The Pitfalls of Body Fat “Measurement”, Part 5: Skinfolds

In this multipart series on body fat testing, you've learned that it can be highly inaccurate in individuals, whether for a one-time measurement, or when measuring change over time.  So far you've learned about hydrostatic weighing, the Bod Pod, and BIA.  Now let's talk about skinfolds.

Skinfold Testing

Skinfold testing involves taking a device known as a caliper, pinching the skin and fat underneath the skin (known as subcutaneous fat), pulling the skinfold away from the underlying muscle, and measuring the thickness of the skinfold with the caliper.  This is done at numerous sites around the body (usually 3-7 separate sites).  The skinfold thicknesses are all added together, and plugged into an equation along with your age.  The equation spits out your body density, which is the relationship of your body volume (how much space your body takes up) to your body weight.  Lean tissue takes up less space than fat tissue for a given weight, and is thus more dense.  Therefore, the greater your body density, the more lean tissue and less fat tissue you have.  This body density can then be converted into a body fat percentage using another equation, such as the Siri equation which I talked about in the article on underwater weighing.

There are many sources of error with this technique.  First, the technique is highly sensitive to how skilled the technician is at grabbing the fat and pulling it away from the underlying muscle tissue.  Improper technique can introduce error into the results.  I remember performing a skinfold on a cheerleader when I was a graduate student at Washington State University.  She didn't like the result I had, so she asked one of the strength coaches to perform the skinfold.  He performs the test, telling me that you have to "wiggle the calipers" when you perform the test (which you aren't supposed to do).  Well, all he was doing was wiggling some of the skinfold out from between the calipers, and of course he came up with a lower number than I did simply by using an incorrect technique.

Another source of error is in the equation used to predict body density.  The Jackson-Pollock equation is one of the most common equations used with skinfolds.  However, an equation is only valid when testing people similar to the people used to develop the equation in the first place.  For example, the male version of the Jackson-Pollock equation was developed on men between the ages of 18 and 61 years of age.  Thus, the prediction accuracy falls off when you get outside of this age range.  Also, the Jackson-Pollock equations were developed on white men and women;  however, as I pointed out in my article on hydrostatic weighing, the density of fat-free mass can change depending upon your race.  Thus, there will be greater error when using the Jackson-Pollock equation if you are not white.  Therefore, it is critical that, if you do use skinfolds for body fat estimation, you use an equation that was specifically developed for your race, age, and gender.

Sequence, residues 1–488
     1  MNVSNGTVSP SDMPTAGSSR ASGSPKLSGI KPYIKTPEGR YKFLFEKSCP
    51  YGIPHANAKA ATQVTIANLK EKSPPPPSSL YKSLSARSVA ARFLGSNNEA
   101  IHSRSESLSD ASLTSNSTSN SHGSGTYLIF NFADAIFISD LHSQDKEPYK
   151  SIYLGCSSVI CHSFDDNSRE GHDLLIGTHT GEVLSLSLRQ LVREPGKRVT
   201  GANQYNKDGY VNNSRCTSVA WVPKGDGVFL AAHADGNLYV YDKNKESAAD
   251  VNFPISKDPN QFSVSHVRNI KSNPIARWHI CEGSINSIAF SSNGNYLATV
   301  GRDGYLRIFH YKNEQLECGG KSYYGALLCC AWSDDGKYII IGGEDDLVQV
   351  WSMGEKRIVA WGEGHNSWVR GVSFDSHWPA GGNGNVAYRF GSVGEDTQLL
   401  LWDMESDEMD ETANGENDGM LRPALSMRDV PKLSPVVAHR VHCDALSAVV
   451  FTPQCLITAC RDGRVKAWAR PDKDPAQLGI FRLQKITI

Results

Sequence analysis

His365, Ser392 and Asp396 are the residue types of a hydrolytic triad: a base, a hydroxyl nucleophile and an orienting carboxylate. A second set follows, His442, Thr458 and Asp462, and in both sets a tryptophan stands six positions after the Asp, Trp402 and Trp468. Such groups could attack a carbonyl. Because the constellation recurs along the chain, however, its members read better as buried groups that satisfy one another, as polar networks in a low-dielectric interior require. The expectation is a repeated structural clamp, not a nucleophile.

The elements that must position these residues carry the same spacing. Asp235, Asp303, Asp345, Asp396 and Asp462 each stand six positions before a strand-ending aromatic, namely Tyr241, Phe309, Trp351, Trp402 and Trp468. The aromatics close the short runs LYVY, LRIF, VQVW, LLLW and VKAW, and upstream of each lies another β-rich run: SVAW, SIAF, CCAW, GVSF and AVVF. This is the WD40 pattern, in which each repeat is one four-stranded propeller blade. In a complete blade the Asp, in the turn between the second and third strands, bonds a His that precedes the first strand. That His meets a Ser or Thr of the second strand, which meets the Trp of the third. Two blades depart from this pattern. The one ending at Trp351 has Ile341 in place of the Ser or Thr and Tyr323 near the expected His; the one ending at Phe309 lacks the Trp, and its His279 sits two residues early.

Another problem we have is similar to the problem we had with BIA.  Like with BIA, skinfold testing is a prediction based off of a prediction.  Skinfold testing equations, like the Jackson-Pollock equation, were developed off of hydrostatic weighing measurements (which themselves are predictions with error).  Thus, if hydrostatic weighing can have an error rate of up to 5-6% in individuals, then skinfold testing equations are going to compound that error.

Finally, we have the same problem that we have with all 2-compartment models...the assumption that fat-free mass has a certain density.  As I pointed out in the article on hydrostatic weighing, the density of fat-free mass can change with changes in body weight, which will introduce error when measuring a change in body fat over time.

Thick Errors

Skinfolds can have pretty sizeable errors when compared to a 4-compartment model, whether you're looking at group averages or individuals.  In one study, skinfolds (using the Jackson-Pollock equation) underpredicted body fat percentage in white women by 6%, and that's the average for the entire group.  The individual error rates were huge, ranging from an overprediction of 10% to an underprediction of over 15%.  For men, the error rates were no better.  Using the Durnin and Womersley equation, the individual error rates got as high as 10-15% in both directions.